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How to Make Zongzi 粽子 (Bamboo Sticky Rice Dumpling) | Dragon Boat Festival


(music playing) Hey guys, it’s Angel. Today
I’m going to show you how to make Bamboo Wrapped Sticky Rice also known in Mandarin as Zongzi.
Now in Taiwanese we call Zongzi (Bahzhang) and the reason why I’m showing you how to
make this is because Dragon Boat Festival is coming up soon. Now if you guys aren’t
familiar with Dragon Boat Festival it’s actually an annual celebration most famously known
for Dragon Boat racing and also the sticky rice so I’m really excited to share this recipe
with you and share this annual tradition with you. And if you’re interested in learning
more about the history of Dragon boat day or Dragon Boat Festival my grandfather gave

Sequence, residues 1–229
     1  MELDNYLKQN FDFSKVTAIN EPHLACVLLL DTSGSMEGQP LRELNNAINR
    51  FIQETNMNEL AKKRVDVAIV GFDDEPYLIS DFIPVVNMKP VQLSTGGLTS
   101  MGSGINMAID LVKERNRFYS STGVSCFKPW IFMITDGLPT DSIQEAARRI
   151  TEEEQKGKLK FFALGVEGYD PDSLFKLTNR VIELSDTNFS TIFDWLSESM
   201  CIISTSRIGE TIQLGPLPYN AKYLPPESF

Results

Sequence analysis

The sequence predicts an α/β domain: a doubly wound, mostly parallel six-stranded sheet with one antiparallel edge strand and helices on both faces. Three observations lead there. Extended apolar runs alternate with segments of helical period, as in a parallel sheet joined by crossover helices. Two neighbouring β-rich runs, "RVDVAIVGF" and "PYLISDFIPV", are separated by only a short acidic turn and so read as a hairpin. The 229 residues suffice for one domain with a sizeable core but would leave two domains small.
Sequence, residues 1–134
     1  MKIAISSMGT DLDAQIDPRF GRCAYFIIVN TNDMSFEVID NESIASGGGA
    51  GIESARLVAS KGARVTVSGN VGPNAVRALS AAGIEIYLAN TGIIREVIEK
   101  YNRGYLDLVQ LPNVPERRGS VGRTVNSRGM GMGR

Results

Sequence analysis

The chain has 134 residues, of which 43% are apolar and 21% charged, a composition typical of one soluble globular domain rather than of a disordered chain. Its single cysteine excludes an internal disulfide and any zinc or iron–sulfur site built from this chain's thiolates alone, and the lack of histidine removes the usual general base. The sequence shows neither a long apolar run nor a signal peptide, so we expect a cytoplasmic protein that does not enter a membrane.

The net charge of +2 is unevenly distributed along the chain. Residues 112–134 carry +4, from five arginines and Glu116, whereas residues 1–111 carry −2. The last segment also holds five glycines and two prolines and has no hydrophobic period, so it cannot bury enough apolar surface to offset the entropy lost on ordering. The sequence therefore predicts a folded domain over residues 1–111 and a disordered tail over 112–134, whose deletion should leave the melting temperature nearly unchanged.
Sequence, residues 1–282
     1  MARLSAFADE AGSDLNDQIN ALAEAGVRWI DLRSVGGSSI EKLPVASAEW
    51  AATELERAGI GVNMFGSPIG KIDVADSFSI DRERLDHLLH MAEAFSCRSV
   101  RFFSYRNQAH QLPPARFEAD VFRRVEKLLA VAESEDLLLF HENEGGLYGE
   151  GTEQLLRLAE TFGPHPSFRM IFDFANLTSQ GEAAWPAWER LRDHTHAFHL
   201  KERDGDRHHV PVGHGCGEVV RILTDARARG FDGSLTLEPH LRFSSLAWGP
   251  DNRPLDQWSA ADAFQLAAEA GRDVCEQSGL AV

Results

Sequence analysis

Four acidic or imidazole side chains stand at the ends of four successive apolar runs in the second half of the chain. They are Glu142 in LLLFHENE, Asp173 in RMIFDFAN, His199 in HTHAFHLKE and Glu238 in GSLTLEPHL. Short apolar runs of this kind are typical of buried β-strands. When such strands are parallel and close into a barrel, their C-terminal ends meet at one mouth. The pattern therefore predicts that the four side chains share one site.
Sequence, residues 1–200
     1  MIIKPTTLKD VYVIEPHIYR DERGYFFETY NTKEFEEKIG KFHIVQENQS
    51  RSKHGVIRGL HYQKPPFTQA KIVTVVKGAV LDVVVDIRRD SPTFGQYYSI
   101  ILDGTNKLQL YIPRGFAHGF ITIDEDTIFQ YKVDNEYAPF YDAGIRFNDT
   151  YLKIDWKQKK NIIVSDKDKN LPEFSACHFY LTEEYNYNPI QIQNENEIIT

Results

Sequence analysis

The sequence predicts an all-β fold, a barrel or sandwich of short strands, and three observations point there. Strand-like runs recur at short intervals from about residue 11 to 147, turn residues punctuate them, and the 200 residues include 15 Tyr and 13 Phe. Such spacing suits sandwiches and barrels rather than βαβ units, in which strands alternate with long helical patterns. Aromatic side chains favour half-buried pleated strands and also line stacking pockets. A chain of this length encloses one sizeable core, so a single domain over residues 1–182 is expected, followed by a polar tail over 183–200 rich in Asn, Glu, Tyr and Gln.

me a translation that he wanted me to share with you guys and I will post a link to that
on my blog. So with that, let’s get started. Let’s start with the bamboo leaves. Now this
recipe makes a dozen Zongzi, which means we will need at least 24 leaves that’s 2 leaves
for each Zongzi that we’re going to be wrapping. So I highly recommend that you wash and prepare
about 30-35 because as you go through the washing process you’ll notice that some will
break or some may not be the ones that you thought they were, not the right size, so
definitely wash and prepare more. You can start by soaking your bamboo leaves in hot
water for about 30 minutes. Now they will float in your sink so you might need to put
something heavy like a pot or a plate on top so that way they stay submerged in the water.
After 30 minutes they should have absorbed water and become super soft, so then what
you’ll need to do is take a clean dry sponge, wipe and clean off both sides of the bamboo,
and that’s just to wash off any dirt. Then, bring a pot of water to a boil, and like to
add a little bit of vinegar and a couple pinches of salt to help with the disinfecting, then
put your bamboo leaves in stem first. Let that gently boil and soften up, and once that’s
soft you can go ahead and fold over or submerge the entire leaf. Let that boil for 20 minutes